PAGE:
In the middle of the night on June 1, 2011, millions of passengers returned safely to Earth as part of the great conclusion to space shuttle Endeavour's last flight, STS-134. Many of those millions of passengers were part of the Planetary Society's Shuttle LIFE experiment. Five different kinds of creatures from all three domains of life are part of Shuttle LIFE. All of them have cousins launching this Fall on board the Phobos Sample Return Mission for a 34 month trip to Mars' Moon Phobos and back. Both LIFE experiments are part of an effort to test the effects of space travel on a variety of organisms, including their ability to travel between planets naturally, or not. Read more on the background here.
Shuttle LIFE Experiment with Astronauts
Astronauts in the mid-deck of Endeavour during the STS-134 mission. The Shuttle LIFE experiment is in the rectangular experiment block floating in the middle of the picture.
Shuttle LIFE Experiment Block in Space
The experiment block containing Shuttle LIFE floating in the Endeavour mid-deck during STS-134. Some of the experiments in the CREST-1 experiment block, though not Shuttle LIFE, required mixing of materials using the rod on the block.
The Shuttle LIFE organisms, inside their sealed Delrin plastic tubes, were loaded into a commercial experiment block (from Nanoracks, Inc.) called CREST-1, and then loaded into the shuttle within two days of launch. After returning from space, Nanoracks and their colleagues removed the little tiny tubes from the little tiny wells, and they were shipped back to where most of them came from: our partner ATCC in Virginia, the leading repository for microorganisms in the U.S.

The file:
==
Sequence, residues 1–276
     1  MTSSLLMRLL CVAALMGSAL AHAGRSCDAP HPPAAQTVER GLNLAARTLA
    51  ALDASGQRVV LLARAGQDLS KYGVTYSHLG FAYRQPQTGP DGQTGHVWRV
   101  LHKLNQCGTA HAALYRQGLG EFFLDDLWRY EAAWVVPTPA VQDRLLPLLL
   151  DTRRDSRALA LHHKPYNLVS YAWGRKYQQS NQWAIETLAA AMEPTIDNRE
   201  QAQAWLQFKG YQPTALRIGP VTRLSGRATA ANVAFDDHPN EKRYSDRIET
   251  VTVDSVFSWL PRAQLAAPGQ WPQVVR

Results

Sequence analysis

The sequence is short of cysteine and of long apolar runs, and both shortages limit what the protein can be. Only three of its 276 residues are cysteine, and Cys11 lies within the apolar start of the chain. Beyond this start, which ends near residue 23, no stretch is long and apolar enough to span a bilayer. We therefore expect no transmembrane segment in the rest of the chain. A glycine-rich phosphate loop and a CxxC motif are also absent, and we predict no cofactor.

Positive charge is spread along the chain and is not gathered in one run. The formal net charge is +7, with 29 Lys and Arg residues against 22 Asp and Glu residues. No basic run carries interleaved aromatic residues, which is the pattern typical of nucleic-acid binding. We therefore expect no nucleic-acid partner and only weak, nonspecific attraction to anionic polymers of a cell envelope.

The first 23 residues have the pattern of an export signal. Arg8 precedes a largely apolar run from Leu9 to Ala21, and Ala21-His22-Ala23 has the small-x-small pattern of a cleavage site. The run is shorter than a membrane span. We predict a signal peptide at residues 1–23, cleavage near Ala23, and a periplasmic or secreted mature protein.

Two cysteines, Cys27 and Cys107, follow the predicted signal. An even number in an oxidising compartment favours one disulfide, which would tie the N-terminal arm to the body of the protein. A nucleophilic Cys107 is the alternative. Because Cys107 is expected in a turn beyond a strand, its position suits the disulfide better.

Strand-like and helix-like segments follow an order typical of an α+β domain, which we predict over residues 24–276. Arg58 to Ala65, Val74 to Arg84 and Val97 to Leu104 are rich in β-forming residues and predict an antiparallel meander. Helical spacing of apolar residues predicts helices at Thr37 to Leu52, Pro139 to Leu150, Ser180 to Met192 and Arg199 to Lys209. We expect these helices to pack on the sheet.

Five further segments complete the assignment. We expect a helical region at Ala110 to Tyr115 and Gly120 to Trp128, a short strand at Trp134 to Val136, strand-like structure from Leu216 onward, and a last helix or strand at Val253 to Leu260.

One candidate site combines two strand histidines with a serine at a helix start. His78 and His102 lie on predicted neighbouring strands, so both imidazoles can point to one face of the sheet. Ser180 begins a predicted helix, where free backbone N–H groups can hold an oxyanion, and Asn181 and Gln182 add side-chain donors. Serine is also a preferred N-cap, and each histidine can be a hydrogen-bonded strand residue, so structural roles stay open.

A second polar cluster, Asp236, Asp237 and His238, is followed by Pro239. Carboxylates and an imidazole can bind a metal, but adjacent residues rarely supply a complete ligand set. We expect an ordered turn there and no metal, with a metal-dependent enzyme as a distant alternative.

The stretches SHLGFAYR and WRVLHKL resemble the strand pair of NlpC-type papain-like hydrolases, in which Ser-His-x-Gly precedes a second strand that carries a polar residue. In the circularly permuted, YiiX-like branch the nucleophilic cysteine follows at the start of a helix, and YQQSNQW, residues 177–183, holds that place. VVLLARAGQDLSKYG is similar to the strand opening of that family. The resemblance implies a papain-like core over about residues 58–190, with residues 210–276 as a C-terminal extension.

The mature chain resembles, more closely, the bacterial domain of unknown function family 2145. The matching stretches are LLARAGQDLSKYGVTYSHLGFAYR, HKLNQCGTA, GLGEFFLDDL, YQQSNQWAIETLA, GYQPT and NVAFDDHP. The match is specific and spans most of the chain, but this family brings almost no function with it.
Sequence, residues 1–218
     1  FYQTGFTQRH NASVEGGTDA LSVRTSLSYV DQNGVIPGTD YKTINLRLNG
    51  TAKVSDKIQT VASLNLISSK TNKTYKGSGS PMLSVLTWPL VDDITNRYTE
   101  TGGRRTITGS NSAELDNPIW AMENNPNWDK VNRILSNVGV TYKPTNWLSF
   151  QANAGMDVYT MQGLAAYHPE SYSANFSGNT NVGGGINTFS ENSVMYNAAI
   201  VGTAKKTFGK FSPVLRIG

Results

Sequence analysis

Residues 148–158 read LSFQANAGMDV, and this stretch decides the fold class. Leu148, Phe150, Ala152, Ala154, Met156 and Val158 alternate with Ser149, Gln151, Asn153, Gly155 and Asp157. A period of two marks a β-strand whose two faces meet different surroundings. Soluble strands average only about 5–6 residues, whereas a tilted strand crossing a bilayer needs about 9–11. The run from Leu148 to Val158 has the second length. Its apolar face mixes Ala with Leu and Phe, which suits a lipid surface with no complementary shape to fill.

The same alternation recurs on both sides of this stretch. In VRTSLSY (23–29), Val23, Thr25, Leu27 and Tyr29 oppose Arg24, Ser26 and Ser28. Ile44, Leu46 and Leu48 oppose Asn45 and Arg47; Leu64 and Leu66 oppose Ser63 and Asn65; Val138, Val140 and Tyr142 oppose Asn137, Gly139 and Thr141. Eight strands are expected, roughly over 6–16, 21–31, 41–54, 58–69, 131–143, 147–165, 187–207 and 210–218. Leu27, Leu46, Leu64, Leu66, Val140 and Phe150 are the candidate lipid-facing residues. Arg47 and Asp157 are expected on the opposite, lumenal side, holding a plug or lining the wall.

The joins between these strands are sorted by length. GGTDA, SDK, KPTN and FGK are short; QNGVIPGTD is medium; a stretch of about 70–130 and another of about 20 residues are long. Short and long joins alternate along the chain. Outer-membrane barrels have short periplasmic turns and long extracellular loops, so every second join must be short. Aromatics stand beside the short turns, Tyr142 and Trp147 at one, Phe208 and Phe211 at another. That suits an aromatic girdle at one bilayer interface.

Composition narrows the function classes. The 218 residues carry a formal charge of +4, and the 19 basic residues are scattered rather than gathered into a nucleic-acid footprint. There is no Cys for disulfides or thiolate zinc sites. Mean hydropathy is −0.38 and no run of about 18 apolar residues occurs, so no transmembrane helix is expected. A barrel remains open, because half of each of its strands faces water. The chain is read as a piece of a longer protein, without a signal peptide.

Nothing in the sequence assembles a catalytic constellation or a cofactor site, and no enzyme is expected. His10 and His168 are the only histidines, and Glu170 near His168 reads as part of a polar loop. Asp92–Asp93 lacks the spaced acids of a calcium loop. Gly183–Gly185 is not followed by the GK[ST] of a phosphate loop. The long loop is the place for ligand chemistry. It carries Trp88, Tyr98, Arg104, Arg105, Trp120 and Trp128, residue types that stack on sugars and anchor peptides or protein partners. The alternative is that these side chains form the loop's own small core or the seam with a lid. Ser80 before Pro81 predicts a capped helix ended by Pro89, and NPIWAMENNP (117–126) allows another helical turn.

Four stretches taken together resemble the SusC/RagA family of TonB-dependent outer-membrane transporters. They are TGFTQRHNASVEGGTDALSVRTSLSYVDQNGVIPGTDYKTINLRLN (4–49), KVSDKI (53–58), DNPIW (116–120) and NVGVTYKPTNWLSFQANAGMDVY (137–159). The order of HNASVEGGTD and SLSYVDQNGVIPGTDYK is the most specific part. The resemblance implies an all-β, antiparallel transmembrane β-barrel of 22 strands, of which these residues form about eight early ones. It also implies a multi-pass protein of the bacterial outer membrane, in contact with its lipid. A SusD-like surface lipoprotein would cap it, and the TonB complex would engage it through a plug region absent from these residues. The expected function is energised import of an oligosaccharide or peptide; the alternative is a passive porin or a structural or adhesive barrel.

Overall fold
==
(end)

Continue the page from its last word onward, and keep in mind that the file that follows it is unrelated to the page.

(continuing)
I am now headed back to ATCC for the opening of sample tubes, both those that flew on Endeavour, and those that remained on Earth as controls for comparison with the flight samples. Two sets of organisms will be shipped back to our partners in Europe and not opened at ATCC: Bacillus subtilis MW01 headed to Marko Wassmann and colleagues with DLR, the German space agency; and, the ever popular Tardigrades, or water bears, the only animals in Shuttle LIFE will be headed back to Ingemar Jonsson in Sweden. The other organisms, another type of Bacteria, and two types of Archaea, will be opened at ATCC. I'll report back on that soon.
At ATCC, the process goes firmly into the hands of the biologists, putting the organisms, currently in dried powdered form, into "broths" that make them happy and bring them out of the dormant-like state. They then will be cultivated over weeks and the organisms will be analyzed in various ways for many more weeks or months. Finally, remaining organisms will be frozen and preserved, ready for any future analyses.
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